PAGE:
The 100-year-old Ford Motor Company faces a future that includes autonomous vehicles and a sharing economy that threatens vehicle sales, according to Sheryl Connelly, global consumer trends and futuring manager for the automaker.
Connelly shared those and other insights Friday evening (Mar. 3) during the Winthrop Rockefeller Distinguished Lecture series held at the University of Arkansas. Connelly explained a futurist can’t predict exactly what’s going to happen, but her role is to look into the future and compile profiles of the best and worse possible scenarios. In doing that, she said Ford is rarely surprised when the future happens – good or bad.
For instance, self-driving cars and trucks are a real possibility for Detroit-based Ford. Connelly told Talk Business & Politics that Ford plans to have autonomous vehicles on U.S. roads by 2021. She said that’s interesting because research suggests people in China and India are more ready for self-driving vehicles. She said an informal consumer survey conducted two years ago to gauge readiness for autonomous vehicles by 2025 indicated India was most ready at 84%, 78% for China, and just 40% for the U.S.
“We have several theories on why the Western world is less ready, Part of it’s road congestion which is much worse in India and China. Then there is a cultural connection to cars and trucks in the U.S. that has gone on for generations, which just isn’t the case in places like India and China,” Connelly told Talk Business & Politics after her speech.
She said Ford still plans to have autonomous vehicles on the road in the next four years but commercial application and right-lane-only to start. Connelly said autonomous vehicles are a safer mode of transportation with fewer accidents and less traffic congestion, and are also more cost effective to operate. For instance, research indicates if it costs consumers $6 a mile to drive their own car, a taxi cost would be $4, using Uber would be $2, but self-driving cars could be as low as $1 per mile because all the labor has been removed.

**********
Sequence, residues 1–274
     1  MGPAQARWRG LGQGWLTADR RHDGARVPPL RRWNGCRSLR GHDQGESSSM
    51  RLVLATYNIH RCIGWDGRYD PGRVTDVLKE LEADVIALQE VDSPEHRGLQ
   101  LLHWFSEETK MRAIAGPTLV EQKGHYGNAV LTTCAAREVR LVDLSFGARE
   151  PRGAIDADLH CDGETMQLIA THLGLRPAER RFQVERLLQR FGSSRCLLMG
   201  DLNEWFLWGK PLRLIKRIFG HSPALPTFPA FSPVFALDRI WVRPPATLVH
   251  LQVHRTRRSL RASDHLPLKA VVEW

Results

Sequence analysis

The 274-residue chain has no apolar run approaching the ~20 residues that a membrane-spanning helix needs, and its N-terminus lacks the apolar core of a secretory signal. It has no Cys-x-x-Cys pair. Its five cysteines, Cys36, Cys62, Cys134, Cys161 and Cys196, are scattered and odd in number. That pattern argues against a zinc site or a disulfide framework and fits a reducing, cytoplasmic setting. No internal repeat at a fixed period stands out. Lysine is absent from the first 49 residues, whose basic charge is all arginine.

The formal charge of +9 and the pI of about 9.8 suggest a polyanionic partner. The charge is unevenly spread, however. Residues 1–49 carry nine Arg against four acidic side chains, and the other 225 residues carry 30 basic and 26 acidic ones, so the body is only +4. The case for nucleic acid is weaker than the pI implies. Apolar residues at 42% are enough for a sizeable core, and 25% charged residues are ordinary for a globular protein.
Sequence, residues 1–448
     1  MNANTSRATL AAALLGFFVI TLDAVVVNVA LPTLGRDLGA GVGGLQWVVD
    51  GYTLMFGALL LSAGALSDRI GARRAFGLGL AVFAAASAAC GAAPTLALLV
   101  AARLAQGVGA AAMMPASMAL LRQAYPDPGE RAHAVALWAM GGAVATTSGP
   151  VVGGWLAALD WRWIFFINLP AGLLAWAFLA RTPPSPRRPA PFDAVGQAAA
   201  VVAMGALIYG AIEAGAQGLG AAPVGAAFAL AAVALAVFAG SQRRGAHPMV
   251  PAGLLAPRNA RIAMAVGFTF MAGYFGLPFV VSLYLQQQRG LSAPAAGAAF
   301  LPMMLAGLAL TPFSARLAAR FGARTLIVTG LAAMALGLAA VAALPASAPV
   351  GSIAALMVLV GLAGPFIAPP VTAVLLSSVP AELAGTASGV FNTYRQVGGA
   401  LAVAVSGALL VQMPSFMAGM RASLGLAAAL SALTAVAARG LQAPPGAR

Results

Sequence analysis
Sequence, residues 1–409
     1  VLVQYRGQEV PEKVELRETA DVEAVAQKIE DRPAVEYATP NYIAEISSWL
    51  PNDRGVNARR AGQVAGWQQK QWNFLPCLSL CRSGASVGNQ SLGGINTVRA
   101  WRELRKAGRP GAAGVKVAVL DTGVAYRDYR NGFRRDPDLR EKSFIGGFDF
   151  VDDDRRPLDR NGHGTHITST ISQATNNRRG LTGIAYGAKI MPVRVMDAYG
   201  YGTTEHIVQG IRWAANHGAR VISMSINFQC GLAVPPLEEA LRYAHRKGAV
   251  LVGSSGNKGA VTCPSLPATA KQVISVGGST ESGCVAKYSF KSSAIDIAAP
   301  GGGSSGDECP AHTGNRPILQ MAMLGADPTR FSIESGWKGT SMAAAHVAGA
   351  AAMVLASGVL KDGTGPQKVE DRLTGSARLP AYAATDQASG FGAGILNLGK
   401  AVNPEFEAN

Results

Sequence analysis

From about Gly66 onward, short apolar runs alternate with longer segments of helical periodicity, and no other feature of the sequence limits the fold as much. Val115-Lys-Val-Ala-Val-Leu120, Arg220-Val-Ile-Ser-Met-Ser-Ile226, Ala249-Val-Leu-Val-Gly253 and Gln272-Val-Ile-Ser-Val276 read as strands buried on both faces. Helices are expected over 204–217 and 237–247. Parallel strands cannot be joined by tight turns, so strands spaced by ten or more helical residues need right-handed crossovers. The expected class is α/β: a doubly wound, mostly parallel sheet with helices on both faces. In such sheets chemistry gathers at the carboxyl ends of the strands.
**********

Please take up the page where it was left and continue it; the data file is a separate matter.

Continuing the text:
Connelly said autonomous vehicles, because of their safety factor, could have an impact on senior populations that have to give up driving.
“Not only does giving up driving hinder one’s individual freedom to go at will, but it’s a ding to the dignity as well. Autonomous vehicles could allow seniors to age in place and still have the mobility they need to seek medical care, food and recreation,” Connelly said.
When asked about drone application in final-mile delivery, Connelly said Ford debuted in late 2016 its own segway-like vehicle it calls Carr-E that acts as a pedestrian assistant. She said the four-wheeled vehicle could follow her through the airport carrying her luggage and trailing along behind her. She said Ford is still testing the Carr-E viability for delivering packages to an address.
“I am not sure if it will go into production, but Ford is testing this technology for all its applicable uses in the future. We are a mobility company,” Connelly said. “The regulations and oversight we are seeing with drone usage is likely what we will also see with autonomous vehicles.”
‘RUNNING ON EMPTY’
She said staring into the future can be scary, but there is no reason it should never be a surprise if businesses and consumers have thought through the scenarios. She said her job at Ford is to look for trends and distinguish them from fads and project how those trends might impact the business and world as they know it.
Connelly said in 2004 she and a team of 100 company insiders and 75 outsiders were asked to put together the worst scenarios they could imagine for business, Ford and the U.S. economy in the next 20 years. She said they came up with four. One of them dubbed “running on empty” showed lack of demand, Ford having to slow its production, even shuttering some plants, disrupting the business of their suppliers and putting some of them out-of-business. Also in this scenario, she said gas prices rose and there were people unemployed, financial turmoil and deep recession. Perhaps the company would even face bankruptcy.
In 2007 and 2008, that’s nearly exactly what happened to Ford and the country. She said Ford was not totally surprised by the events because it had been told of the possibility just three to four years earlier. She said some of the other scenarios involved aliens, and widespread disease of Avian Influenza because they went far out on a limb to think of all potential possibilities.
While Ford does its part to not be surprised by the future, Connelly said there are occasional disruptive trends which are troubling for some in the company. For instance, Connelly said the sharing economy could reduce the number of new vehicles sold by all automakers.
“Not everyone has the same appetite for looking into the future. My job is to research the trends at work and make them known so the company can plan accordingly. It’s not easy, but worthwhile work,” she said.
She also said Ford is actively investing in start-ups as part of an effort to have a more nimble mindset as technology and trends disrupt traditional business models.